A reftest is a test that compares the visual output of one file (the test case) with the output of one or more other files (the references). The test and the reference must be carefully written so that when the test passes they have identical rendering, but different rendering when the test fails.

How to Run Reftests

Reftests can be run manually simply by opening the test and the reference file in multiple windows or tabs and either placing them side-by side or flipping between the two. In automation the comparison is done in an automated fashion, which can lead to differences too small for the human eye to notice causing tests to fail.

Components of a Reftest

In the simplest case, a reftest consists of a pair of files called the test and the reference.

The test file is the one that makes use of the technology being tested. It also contains a link element with rel="match" or rel="mismatch" and href attribute pointing to the reference file e.g. <link rel=match href=references/green-box-ref.html>.

The reference file is typically written to be as simple as possible, and does not use the technology under test. It is desirable that the reference be rendered correctly even in UAs with relatively poor support for CSS and no support for the technology under test.

When the <link> element in the test has rel="match", the test only passes if the test and reference have pixel-perfect identical rendering. rel="mismatch" inverts this so the test only passes when the renderings differ.

In general the files used in a reftest should follow the format and style guidelines. The test should also be self-describing, to allow a human to determine whether the the rendering is as expected.

Note that references can be shared between tests; this is strongly encouraged since it permits optimizations when running tests.

Controlling When Comparison Occurs

By default reftest screenshots are taken in response to the load event firing. In some cases it is necessary to delay the screenshot later than this, for example becase some DOM manipulation is required to set up the desired test conditions. To enable this, the test may have a class="reftest-wait" attribute specified on the root element. This will cause the screenshot to be delayed until the load event has fired and the reftest-wait class has been removed from the root element (technical note: the implementation in wptrunner uses mutation observers so the screenshot will be triggered in the microtask checkpoint after the class is removed. Because the harness isn't synchronized with the browser event loop it is dangerous to rely on precise timing here).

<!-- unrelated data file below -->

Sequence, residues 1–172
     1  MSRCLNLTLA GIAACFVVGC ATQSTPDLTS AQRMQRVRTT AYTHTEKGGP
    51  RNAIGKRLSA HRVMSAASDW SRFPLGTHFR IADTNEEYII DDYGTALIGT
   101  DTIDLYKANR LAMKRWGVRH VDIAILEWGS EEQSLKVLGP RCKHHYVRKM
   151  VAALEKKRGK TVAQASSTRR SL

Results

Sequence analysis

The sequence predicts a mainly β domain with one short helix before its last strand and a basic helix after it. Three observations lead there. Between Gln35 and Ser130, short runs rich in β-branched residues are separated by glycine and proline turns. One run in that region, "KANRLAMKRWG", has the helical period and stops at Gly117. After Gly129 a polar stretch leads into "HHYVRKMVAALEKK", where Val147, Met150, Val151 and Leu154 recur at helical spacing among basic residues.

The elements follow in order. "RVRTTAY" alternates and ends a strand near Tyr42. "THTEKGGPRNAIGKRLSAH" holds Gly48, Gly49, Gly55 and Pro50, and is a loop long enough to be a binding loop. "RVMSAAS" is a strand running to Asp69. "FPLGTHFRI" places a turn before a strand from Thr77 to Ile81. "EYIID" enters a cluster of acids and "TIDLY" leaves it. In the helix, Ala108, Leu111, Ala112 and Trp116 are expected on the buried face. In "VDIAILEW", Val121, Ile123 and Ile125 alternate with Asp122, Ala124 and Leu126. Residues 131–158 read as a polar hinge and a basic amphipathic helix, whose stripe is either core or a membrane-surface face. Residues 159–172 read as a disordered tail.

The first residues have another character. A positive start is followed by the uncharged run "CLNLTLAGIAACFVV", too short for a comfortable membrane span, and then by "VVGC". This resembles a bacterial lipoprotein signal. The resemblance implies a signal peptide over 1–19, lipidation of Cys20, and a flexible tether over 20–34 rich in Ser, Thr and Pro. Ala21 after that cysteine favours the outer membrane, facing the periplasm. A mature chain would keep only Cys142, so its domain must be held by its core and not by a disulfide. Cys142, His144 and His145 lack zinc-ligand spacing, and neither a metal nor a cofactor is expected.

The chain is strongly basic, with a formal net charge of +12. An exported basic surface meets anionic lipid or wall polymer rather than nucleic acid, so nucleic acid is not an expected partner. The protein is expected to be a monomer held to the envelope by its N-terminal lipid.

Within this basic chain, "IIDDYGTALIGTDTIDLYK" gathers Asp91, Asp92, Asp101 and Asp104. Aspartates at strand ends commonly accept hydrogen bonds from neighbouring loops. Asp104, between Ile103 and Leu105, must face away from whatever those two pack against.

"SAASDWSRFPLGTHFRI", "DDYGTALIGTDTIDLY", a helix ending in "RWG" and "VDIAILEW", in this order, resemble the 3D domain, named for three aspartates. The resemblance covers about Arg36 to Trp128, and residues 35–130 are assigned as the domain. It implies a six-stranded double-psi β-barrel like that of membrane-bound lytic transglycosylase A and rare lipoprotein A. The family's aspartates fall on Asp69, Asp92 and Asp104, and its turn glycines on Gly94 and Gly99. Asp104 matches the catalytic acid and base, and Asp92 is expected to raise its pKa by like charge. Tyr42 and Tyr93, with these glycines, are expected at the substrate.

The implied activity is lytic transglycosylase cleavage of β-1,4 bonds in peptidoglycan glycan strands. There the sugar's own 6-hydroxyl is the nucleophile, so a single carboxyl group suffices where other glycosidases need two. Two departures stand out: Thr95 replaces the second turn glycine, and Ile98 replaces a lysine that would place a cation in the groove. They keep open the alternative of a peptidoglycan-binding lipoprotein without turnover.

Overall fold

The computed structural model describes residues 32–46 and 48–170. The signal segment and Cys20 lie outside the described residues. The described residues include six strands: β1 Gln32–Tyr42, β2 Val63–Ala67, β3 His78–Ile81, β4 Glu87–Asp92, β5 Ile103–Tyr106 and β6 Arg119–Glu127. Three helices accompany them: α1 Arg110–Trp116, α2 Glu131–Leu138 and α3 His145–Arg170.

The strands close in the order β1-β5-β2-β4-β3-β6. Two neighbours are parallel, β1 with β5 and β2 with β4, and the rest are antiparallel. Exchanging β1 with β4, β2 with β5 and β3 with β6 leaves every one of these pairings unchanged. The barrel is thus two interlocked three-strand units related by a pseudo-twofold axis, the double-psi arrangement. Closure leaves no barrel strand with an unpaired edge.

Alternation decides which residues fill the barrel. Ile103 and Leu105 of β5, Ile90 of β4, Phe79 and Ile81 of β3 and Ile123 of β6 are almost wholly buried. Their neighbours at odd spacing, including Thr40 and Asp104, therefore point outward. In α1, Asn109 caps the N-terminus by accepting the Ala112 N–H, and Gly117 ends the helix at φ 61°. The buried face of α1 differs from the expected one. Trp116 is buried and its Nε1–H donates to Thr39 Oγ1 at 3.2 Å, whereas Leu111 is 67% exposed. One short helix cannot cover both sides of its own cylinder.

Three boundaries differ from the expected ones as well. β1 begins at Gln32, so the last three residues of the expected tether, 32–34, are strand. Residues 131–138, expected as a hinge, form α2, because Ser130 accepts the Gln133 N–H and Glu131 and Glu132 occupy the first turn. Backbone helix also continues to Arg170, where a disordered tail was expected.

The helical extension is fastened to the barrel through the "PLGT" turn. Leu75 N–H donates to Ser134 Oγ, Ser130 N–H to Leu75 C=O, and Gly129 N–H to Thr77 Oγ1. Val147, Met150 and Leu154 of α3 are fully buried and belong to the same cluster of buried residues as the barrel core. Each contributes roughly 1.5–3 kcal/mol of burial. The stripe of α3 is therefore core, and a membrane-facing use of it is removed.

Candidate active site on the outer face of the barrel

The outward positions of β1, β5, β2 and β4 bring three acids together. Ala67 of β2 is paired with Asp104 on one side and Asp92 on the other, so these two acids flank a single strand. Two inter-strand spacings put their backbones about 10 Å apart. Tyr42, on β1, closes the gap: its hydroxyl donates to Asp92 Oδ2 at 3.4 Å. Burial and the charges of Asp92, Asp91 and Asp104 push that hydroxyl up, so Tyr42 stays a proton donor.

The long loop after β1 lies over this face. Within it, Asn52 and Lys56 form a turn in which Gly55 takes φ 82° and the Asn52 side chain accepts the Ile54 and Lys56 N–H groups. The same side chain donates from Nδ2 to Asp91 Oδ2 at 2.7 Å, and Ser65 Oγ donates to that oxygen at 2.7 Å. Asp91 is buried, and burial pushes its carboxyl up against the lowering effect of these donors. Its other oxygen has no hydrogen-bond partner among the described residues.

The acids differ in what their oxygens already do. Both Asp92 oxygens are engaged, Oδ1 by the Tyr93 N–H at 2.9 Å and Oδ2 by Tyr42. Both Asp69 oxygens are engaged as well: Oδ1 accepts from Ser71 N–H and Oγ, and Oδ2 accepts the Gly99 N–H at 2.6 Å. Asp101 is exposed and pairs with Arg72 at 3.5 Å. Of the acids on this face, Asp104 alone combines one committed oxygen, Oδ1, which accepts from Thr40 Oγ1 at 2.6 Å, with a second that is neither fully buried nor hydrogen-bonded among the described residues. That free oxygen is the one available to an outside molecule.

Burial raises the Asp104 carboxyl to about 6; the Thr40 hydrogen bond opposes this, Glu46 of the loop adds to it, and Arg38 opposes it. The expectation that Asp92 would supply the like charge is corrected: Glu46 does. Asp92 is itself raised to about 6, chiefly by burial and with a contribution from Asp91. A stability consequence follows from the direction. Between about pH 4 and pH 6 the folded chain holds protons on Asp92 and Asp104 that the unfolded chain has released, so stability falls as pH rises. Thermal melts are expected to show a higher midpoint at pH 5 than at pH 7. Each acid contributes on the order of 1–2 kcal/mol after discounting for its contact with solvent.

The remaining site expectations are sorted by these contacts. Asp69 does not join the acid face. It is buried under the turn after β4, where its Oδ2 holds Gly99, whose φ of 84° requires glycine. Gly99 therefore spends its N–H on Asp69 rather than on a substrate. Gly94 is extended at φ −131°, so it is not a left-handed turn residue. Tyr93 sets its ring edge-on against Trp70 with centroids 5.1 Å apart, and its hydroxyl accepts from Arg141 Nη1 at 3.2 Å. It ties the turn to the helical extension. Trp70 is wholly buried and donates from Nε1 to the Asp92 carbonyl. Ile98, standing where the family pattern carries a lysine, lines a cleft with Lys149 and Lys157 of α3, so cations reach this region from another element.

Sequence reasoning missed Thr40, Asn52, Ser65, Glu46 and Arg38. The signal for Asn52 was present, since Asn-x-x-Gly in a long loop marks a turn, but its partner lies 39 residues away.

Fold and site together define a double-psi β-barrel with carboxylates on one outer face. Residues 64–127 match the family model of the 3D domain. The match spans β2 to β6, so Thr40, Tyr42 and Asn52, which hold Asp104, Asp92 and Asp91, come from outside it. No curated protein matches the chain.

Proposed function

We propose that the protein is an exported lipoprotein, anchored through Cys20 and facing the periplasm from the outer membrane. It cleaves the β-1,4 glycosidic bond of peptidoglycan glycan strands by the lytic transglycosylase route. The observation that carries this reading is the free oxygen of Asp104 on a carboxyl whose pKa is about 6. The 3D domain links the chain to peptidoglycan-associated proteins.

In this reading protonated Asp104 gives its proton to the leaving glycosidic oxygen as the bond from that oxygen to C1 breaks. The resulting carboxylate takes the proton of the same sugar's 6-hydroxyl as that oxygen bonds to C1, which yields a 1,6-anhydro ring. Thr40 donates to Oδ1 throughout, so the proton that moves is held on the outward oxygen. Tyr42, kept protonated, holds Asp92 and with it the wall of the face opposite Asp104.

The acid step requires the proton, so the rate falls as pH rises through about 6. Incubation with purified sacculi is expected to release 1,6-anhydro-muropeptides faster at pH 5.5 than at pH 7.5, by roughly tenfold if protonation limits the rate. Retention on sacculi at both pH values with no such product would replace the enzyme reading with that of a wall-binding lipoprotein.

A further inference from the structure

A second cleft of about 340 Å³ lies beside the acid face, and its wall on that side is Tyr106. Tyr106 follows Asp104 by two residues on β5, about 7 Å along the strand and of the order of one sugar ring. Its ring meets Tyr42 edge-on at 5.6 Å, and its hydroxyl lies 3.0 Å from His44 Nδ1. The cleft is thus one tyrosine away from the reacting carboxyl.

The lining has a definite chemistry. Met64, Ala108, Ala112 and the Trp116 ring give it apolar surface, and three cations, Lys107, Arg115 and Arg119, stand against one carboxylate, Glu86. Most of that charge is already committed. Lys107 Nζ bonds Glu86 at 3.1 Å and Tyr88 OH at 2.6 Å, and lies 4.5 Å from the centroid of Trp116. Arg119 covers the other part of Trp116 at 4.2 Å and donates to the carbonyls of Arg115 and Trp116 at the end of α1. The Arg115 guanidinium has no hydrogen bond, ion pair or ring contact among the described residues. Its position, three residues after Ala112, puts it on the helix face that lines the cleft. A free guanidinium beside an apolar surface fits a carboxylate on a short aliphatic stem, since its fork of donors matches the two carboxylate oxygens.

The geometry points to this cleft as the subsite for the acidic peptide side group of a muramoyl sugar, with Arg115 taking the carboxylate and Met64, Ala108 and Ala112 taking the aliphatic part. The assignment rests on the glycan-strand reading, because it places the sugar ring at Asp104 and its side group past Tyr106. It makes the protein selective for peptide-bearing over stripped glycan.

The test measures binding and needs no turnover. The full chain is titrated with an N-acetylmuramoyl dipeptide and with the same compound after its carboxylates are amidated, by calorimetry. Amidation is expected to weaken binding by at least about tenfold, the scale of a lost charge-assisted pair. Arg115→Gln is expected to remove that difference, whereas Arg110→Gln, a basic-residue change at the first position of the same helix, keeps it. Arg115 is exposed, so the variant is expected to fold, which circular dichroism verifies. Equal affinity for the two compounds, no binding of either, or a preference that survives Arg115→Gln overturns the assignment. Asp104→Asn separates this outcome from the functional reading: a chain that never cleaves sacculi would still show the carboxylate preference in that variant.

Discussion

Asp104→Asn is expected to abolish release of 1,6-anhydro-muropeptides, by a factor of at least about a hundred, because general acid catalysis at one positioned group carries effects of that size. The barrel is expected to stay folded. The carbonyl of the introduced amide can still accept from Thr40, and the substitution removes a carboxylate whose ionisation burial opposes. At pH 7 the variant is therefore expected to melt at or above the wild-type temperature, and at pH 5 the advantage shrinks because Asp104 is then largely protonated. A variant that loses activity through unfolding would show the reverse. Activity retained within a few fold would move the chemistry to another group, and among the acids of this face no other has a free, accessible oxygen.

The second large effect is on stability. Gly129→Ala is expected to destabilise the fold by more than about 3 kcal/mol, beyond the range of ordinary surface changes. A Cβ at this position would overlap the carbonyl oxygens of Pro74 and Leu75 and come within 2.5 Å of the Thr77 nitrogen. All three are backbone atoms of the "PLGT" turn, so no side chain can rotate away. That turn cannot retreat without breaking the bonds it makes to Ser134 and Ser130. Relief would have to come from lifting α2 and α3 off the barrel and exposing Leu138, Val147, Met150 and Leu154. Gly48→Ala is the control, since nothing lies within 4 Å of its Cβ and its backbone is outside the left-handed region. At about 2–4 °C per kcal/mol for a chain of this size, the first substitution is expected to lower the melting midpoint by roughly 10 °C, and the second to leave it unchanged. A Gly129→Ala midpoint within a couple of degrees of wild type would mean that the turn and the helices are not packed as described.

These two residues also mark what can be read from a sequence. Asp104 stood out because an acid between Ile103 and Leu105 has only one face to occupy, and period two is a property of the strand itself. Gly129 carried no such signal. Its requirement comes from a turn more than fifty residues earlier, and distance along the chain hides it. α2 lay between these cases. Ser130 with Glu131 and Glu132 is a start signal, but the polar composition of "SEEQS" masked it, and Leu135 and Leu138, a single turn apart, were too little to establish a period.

Matching Multiple References

Sometimes it is desirable for a file to match multiple references or, in rare cases, to allow it to match more than one possible reference. Note: this is not currently supported by test runners and so best avoided if possible until that support improves.

Multiple references linked from a single file are interpreted as multiple possible renderings for that file. <link rel=[mis]match> elements in a reference create further conditions that must be met in order for the test to pass. For example, consider a situation where a.html has <link rel=match href=b.html> and <link rel=match href=c.html>, b.html has <link rel=match href=b1.html> and c.html has <link rel=mismatch href=c1.html>. In this case, to pass we must either have a.html, b.html and b1.html all rendering identically, or a.html and c.html rendering identically, but c.html rendering differently from c1.html.

Fuzzy Matching

In some situations a test may have subtle differences in rendering compared to the reference due to e.g. antialiasing. This may cause the test to pass on some platforms but fail on others. In this case some affordance for subtle discrepancies is desirable. However no mechanism to allow this has yet been standardized.


In some cases, a test cannot be a reftest. For example, there is no way to create a reference for underlining, since the position and thickness of the underline depends on the UA, the font, and/or the platform. However, once it‘s established that underlining an inline element works, it’s possible to construct a reftest for underlining a block element, by constructing a reference using underlines on a <span> that wraps all the content inside the block.

Example Reftests

These examples are all self-describing tests as they each have a simple statement on the page describing how it should render to pass the tests.

HTML example

Test File

This test verifies that a right-to-left rendering of SAW within a <bdo> element displays as WAS.

(view page rendering)

<!DOCTYPE html>
<meta charset="utf-8">
<title>BDO element dir=rtl</title>
<link rel="help" href="http://www.whatwg.org/specs/web-apps/current-work/#the-bdo-element">
<meta name="assert" content="BDO element's DIR content attribute renders corrently given value of 'rtl'.">
<link rel="match" href="test-bdo-001.html">
<p>Pass if you see WAS displayed below.</p>
<bdo dir="rtl">SAW</bdo>

Reference File

The reference file must look exactly like the test file, except that the code behind it is different.

  • All metadata is removed.
  • The title need not match.
  • The markup that created the actual test data is different: here, the same effect is created with very mundane, dependable technology.

(view page rendering)

<!DOCTYPE html>
<meta charset="utf-8">
<title>HTML Reference File</title>
<p>Pass if you see WAS displayed below.</p>